Then again, despite my earlier professions of love for the dungeons we can choose to run nowadays, I am getting pretty sick of them, in all honesty. I’m not sure I could stomach farming them for some hare-brained scheme now that the flow of new gear has stopped and I haven’t needed Valor Points in a while.

My other thought was something a little more interesting and easy: a full set of gear from the Timeless Isle. I made a set for transmog purposes a while ago (although I don’t think I can wear it in all seriousness… I was just checking it out at the time), and of those pieces there are two that have two whole secondary stats per item. However, I have a bunch of unmade pieces sitting on an alt, and I figure that since I’ll probably farm Ordon b-holes at some point until I get to Exalted with Shaohao on Mushan, I’m likely to get more.

Once 6.0 drops pre-xpac, with The Squish and stat/gear/enchant/gem changes in effect, I can make all the pieces until I get serviceable ones (“or die tryin'”). I can combine 496 Discipline of Xuen with my Darkmoon Trinket – 484 Relic of Xuen*** – to fill the trinket slots with all kinds of Xuen… and I can use my 491 Sha-touched weapon. I have an absolutely sick number of Timeless cloak tokens, and a few rings, so I think I can make do with this kind of strategy. I just don’t know if it’s enough… ah, who am I kidding? All things being relative, this set would be way weaker than what I’m wearing now, but would still be “last-xpac-current” enough that I would feel competent.

***Due to bag space concerns, I’ve deleted so much gear this xpac… it’s kind of sad. But I did keep the Relic. For some reason, I have a hard time deleting Darkmoon trinkets. I didn’t delete Greatness for a long time, and kept Hurricane until sometime after I was deeply involved in the Pandaria campaign.

This is, of course, assuming that The Squish won’t diminish the relative power gap between SoO gear and Timeless gear. I’m assuming that it won’t.

. . .

You may ask, And what about that heirloom bow?

In all honesty, at this point, if I never get the bow, I don’t think I’ll care. In addition to the fact that I feel less and less inclined to care much about killing Garrosh, the heirloom bow would work against what I’m thinking of doing anyway.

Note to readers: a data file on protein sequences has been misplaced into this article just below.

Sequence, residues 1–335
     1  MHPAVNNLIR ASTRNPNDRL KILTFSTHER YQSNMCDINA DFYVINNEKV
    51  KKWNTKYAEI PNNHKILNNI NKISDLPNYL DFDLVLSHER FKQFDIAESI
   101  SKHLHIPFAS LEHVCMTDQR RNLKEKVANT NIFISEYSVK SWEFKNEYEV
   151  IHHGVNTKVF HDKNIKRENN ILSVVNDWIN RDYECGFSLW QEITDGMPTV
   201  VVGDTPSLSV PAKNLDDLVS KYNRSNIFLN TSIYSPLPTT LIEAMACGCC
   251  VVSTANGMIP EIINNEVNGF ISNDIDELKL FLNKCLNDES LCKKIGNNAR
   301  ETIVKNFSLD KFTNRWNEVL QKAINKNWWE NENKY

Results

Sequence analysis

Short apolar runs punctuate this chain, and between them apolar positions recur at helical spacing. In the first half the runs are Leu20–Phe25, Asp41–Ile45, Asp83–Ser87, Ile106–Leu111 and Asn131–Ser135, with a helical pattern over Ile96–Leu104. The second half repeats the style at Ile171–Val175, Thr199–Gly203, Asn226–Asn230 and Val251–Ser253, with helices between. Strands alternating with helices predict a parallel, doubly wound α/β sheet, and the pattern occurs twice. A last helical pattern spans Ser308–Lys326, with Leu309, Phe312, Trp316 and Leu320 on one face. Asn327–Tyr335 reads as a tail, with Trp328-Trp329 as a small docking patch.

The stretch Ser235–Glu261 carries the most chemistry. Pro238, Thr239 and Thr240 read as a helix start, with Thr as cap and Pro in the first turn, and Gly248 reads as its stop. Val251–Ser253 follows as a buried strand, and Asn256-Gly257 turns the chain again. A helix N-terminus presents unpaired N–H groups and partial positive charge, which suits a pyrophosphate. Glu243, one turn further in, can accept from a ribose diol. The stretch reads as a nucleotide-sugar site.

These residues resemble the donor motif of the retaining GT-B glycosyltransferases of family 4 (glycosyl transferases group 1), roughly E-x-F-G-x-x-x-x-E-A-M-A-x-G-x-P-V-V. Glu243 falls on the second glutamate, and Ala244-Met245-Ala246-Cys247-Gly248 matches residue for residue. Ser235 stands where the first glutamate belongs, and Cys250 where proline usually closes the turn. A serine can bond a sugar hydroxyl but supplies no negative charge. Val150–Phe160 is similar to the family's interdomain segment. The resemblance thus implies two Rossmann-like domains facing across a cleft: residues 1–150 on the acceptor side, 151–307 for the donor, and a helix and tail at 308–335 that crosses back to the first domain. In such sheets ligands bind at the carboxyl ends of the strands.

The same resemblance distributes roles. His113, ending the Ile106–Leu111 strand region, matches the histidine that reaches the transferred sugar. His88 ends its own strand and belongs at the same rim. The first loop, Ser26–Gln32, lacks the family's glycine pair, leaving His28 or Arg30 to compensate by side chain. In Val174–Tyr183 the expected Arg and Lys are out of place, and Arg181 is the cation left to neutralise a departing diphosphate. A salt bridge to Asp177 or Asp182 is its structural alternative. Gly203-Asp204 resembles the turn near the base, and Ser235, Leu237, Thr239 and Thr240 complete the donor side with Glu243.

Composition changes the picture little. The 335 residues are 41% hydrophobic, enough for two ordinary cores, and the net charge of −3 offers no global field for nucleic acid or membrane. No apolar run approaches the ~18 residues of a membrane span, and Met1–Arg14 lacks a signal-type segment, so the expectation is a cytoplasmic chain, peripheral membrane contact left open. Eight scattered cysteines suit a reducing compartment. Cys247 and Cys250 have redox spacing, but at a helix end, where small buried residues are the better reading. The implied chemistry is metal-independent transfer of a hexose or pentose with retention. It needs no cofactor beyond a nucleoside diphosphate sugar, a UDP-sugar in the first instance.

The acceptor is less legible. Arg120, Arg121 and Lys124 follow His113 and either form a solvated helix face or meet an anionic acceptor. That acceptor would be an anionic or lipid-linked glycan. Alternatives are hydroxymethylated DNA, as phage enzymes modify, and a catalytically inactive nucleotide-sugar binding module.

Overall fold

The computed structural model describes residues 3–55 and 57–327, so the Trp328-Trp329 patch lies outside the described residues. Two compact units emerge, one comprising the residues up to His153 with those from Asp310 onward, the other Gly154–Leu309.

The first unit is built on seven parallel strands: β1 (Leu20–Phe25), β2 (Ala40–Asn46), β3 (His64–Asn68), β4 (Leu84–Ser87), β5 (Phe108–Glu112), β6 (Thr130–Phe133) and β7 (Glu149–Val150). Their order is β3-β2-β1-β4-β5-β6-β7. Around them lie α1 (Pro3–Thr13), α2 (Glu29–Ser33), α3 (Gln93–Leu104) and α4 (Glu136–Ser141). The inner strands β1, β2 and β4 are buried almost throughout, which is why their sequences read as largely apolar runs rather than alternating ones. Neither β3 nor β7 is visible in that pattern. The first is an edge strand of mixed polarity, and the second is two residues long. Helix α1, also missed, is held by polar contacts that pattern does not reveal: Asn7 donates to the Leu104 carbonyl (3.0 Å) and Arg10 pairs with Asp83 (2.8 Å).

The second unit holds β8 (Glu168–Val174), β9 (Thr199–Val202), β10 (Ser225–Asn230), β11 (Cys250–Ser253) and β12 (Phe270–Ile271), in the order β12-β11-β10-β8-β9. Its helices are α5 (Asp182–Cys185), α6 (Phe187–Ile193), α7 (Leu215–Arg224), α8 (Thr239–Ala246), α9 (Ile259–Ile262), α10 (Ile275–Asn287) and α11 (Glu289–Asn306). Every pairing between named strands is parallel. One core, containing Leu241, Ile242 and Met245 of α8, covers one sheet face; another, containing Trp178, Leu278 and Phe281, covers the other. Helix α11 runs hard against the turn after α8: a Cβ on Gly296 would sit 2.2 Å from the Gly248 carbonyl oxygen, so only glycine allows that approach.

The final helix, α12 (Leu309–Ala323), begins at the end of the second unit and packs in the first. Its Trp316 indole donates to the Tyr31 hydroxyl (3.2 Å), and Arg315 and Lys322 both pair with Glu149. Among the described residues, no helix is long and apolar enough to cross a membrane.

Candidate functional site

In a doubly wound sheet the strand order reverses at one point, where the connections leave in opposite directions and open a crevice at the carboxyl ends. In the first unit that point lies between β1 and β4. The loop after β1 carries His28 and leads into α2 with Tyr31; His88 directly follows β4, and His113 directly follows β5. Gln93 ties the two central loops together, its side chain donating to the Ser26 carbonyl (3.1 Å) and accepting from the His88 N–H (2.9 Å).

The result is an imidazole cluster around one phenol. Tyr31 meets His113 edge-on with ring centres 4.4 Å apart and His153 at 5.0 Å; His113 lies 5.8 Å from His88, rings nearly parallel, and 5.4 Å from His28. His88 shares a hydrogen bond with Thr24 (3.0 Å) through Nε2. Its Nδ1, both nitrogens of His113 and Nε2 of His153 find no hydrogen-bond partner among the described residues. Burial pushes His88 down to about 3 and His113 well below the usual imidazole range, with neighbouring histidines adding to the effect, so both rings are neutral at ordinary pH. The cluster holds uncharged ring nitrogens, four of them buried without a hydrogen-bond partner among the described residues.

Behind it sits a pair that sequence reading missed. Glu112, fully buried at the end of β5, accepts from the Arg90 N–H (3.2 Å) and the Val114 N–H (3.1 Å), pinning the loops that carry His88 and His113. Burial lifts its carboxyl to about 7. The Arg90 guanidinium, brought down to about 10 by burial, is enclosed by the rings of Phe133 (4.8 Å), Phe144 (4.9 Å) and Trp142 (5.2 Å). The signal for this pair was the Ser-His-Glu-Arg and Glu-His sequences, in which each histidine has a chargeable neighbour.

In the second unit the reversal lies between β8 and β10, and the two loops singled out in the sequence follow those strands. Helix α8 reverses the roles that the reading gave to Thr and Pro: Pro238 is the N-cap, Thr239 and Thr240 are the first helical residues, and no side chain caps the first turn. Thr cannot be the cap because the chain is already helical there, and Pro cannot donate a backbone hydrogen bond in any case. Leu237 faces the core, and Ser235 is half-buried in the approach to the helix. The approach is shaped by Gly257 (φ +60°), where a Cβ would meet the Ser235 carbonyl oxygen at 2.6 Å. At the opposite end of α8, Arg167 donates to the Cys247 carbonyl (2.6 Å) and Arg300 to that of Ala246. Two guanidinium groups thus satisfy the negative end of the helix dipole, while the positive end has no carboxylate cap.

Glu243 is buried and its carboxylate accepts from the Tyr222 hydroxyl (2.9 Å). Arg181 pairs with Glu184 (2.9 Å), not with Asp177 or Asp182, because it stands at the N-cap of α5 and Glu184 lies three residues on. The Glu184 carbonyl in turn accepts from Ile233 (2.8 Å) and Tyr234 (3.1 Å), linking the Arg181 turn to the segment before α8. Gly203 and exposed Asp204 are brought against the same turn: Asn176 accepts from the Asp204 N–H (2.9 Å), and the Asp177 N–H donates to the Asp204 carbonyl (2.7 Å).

OK, how about the Legendary cloak?

This is where I pause…

…because one of the things that interests me is how far I’ll go into the mid-90s or later before my first and only legendary becomes irrelevant. I’ve never, ever had one before. So I’m torn. I may just keep the cloak equipped, for fun and for pride. Removing all set bonuses/CD-reduction gear and the rest of the current raid gear will be a massive self-nerf as it is, and would likely put me exactly where I want to be, which is not overpowered vs. the first couple levels of mobs on Draenor.

. . .

As shown in the screenshot at the top, I’m also looking at going in with a nostalgic look via transmog. I’ve spent so much time leveling alts through places like Nagrand that I thought it might be fun to wear this simple Tallhide Mail set for that throwback feeling. I wore the Gryphon Mail set for most of MoP, although for the past several weeks I’ve been rocking a T7 Cryptstalker set, which reflects my (recent) darker mood regarding the game while also looking like I mean business.

A small part of me thinks that going into Draenor wearing something that looks badass would be more appropriate in the larger scheme, given that we’re chasing after a warmonger who doesn’t know when to quit. However, on a personal level, I’m intentionally entering WoD not as an end-game raider, but as (possibly) a Timeless Isle-equipped adventurer who will get caught up in events that, as usual, I wasn’t (supposed to be) expecting. Thus, a simple transmog like this – tied to so many memories of picking up Tallhide BoEs in Nagrand – lends somewhat to the immersion level, given what I’m going for.

. . .

So, what do you think? Full Timeless? Heroic dungeon gear? Is there a better idea that would make what I’m aiming for more interesting?